She says, “Efforts from cultural organizations and Govt. of India to promote these age-old traditions and rich heritage to the world would make a big difference…”

Lola Martín from Madrid, Spain has been trained in various disciplines of dance such as Spanish classical and flamenco, oriental dance along with Indian dances like Kathak, Mohiniattam, Bharatnatyam and folk dances of India… She has also worked as a National Director, Producer and Choreographer of Miss India Spain, in collaboration with USA Miss India Worldwide.

Lola Martin

Indians residing in Spain always appreciate her intention and efforts to promote Indian culture and dances in Spain.

Lola thinks if you love India and its culture; you will definitely find more about Indian classical dances as well. They offer a completely different perspective and style from European dance styles.

She has never used terms which fuse ‘Bollywood’ with any other ‘classical dance style’ as she doesn’t feel it is right to do so! Instead, she tends to use the term ‘semi-classical choreography based on (name of the dance style)’ which helps the audience understand the origin of the steps used in the choreography.

Lola has experienced that majority of people find it difficult to relate to the traditional classical dances and appreciate the efforts, dedication one needs to make to perform those dance styles, but Bollywood is for the mass if we say classical dance is for the class…

Bollywood songs are cheerful, colourful, vibrant and very energetic; it seems to be the best way to connect Europeans to the world of Indian classical dances!

“Bharati Show’ by the artist ‘Bhavna Pani’ based on Indian dances has been a popular and successful one in Europe. We need more such big productions to portray Indian dances on the international platforms… Maybe educating foreigners to understand and appreciate the nuances of Indian culture and dances through various workshops, books, conferences, movies, videos would be helpful, which would create a good audience for these beautiful dance styles!”, says Lola.

Lola Martin performing Mohiniyattam in a show

It was amazing to know the opinions of people with different nationalities, origins, cultures and ethnicities; yet connected with one common thread- ‘Love for Indian Culture and Dance styles’

On the whole, we saw that Bollywood and its humongous popularity has helped dancers from different countries to connect with the world of Indian classical and folk dance styles.. What seems to be promising is the efforts taken by these dancers overseas, to learn and understand the origins of these dance styles, and promote the Indian culture in their respective counties!!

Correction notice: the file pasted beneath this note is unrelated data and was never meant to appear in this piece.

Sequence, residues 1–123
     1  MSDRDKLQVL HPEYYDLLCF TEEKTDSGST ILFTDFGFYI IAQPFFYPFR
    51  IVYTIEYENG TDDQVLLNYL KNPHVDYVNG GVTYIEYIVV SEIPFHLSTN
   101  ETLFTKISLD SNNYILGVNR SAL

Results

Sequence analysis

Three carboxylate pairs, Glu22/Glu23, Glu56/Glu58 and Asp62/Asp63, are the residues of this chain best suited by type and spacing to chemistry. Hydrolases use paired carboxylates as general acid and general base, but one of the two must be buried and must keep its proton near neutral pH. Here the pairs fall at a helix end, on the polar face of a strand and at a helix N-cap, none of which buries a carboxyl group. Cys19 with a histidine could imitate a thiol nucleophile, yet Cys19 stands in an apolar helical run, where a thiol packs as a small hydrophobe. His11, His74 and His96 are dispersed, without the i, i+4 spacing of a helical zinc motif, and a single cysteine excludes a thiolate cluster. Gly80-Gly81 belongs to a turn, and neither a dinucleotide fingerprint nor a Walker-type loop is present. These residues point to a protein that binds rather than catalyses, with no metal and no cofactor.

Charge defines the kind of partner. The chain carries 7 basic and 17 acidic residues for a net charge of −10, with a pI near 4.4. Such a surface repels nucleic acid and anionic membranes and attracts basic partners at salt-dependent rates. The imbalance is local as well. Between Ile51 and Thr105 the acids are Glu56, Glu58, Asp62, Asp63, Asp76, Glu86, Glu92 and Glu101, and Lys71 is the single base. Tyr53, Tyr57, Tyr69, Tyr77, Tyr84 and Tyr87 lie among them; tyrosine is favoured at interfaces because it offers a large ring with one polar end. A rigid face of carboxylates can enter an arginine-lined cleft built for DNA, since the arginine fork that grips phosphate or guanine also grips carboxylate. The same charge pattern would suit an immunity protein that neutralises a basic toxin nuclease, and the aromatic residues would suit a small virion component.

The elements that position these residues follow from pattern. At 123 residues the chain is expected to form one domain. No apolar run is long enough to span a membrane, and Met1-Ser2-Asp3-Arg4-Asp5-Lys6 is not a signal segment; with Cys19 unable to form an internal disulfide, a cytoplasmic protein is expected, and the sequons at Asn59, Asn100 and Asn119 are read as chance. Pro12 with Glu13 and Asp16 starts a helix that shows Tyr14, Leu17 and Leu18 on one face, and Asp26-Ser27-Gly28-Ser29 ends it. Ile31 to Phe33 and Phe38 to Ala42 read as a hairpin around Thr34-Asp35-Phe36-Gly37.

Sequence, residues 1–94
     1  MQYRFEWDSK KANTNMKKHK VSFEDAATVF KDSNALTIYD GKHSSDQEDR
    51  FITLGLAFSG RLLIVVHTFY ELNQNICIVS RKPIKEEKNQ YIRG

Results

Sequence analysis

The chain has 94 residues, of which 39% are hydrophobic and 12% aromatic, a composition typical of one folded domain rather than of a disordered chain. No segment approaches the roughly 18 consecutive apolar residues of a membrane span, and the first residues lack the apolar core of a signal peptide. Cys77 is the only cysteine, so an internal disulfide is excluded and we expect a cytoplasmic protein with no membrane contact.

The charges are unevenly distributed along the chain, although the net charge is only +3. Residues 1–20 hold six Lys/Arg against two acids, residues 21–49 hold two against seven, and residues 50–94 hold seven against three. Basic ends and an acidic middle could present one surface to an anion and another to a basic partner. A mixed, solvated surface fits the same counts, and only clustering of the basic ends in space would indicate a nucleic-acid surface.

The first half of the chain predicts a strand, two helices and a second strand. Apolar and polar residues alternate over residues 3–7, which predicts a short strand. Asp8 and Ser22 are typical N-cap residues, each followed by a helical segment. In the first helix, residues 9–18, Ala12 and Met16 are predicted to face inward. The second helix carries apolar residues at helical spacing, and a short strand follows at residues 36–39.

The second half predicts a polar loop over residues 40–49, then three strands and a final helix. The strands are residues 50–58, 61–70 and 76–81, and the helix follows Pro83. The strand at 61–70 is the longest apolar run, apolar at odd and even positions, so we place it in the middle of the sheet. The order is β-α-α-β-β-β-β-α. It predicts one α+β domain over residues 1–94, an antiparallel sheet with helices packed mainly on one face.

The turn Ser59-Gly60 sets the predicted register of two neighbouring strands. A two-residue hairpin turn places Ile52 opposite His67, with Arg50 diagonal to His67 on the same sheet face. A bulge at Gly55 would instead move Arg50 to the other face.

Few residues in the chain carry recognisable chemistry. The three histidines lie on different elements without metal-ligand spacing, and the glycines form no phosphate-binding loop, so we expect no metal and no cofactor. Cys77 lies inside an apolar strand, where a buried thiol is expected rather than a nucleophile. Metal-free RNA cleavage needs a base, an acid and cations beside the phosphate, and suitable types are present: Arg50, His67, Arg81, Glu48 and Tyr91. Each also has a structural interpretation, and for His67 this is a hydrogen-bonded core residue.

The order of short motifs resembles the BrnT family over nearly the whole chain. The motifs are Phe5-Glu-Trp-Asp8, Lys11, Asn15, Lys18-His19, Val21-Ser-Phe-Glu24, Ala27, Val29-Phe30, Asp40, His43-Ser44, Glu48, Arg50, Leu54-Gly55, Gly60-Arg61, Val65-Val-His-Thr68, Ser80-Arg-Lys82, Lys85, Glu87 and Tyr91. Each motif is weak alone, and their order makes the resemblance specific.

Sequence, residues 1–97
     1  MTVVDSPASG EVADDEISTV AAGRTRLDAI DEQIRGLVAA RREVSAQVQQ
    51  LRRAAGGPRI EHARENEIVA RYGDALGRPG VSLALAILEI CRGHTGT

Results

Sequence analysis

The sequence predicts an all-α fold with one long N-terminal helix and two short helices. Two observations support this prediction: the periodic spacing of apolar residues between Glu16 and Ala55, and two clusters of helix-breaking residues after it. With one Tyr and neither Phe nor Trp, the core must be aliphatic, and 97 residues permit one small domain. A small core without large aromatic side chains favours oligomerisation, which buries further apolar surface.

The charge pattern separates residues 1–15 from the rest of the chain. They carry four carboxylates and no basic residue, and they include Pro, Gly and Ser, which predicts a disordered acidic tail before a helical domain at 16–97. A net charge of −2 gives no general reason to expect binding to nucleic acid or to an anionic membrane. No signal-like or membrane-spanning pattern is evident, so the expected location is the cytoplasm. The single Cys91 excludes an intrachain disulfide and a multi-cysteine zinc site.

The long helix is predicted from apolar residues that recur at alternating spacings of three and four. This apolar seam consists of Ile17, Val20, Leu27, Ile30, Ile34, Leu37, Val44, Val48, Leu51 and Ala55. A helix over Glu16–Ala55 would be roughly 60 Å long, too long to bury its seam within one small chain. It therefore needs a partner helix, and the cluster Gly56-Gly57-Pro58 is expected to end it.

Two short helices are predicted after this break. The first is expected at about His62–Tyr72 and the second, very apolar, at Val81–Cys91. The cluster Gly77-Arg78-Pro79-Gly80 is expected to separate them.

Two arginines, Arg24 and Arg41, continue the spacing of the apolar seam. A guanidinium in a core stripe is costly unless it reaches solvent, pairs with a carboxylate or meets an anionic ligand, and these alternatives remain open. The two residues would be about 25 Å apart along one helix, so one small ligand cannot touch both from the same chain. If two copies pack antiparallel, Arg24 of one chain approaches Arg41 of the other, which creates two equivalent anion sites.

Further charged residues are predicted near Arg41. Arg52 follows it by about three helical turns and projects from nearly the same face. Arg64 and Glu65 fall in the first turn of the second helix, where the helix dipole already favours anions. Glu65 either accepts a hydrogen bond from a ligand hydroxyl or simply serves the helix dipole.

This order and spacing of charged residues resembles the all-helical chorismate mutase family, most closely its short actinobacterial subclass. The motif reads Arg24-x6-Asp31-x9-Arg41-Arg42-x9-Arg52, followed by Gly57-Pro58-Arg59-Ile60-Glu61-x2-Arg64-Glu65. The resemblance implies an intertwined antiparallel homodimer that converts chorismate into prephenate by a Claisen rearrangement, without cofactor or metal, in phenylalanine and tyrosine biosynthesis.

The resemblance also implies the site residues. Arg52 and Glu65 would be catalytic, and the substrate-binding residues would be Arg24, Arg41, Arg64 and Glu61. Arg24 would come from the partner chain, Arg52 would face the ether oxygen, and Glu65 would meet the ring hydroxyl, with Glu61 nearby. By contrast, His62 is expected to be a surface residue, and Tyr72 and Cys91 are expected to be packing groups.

Nevertheless, it is true that audience in foreign countries is not yet fully prepared or educated to understand and appreciate the traditional classical dance repertoire or full-length classical dance performances; as these dance styles are quite different from the western, European dance styles and they are rooted in Indian mythologies to a large extent…

To me, terms like ‘Bollywood Kathak’, ‘Bollywood Bharatnatyam’, etc. don’t make much sense in India or abroad as it is not a different style of dance. Instead one can choose to say ‘choreography based on classical dance techniques’ when they perform Bollywood songs with steps of classical dance styles…

Though Bollywood has opened the gates for Indian dance styles in other countries; it is our responsibility to spread more awareness and original, authentic knowledge of our traditions in the world.

These days, Indian classical dance styles are getting independent recognition and respect in many countries; people are inviting Indian classical dancers for prestigious International Dance Festivals and workshops. The classical dancers and institutions need to work more in collaboration and as a community to present our traditional dances in their authentic forms globally which would be easy and attractive for the foreign audience to relate to them!

Cultural exchanges, government policies to promote Indian cultures on the global platform would be helpful for artists from India and abroad…

Let’s all work together to not let the people from different countries limit Indian dances to Bollywood dancing and we better use the popularity of Bollywood just as a starting point to promote Indian classical dance styles globally!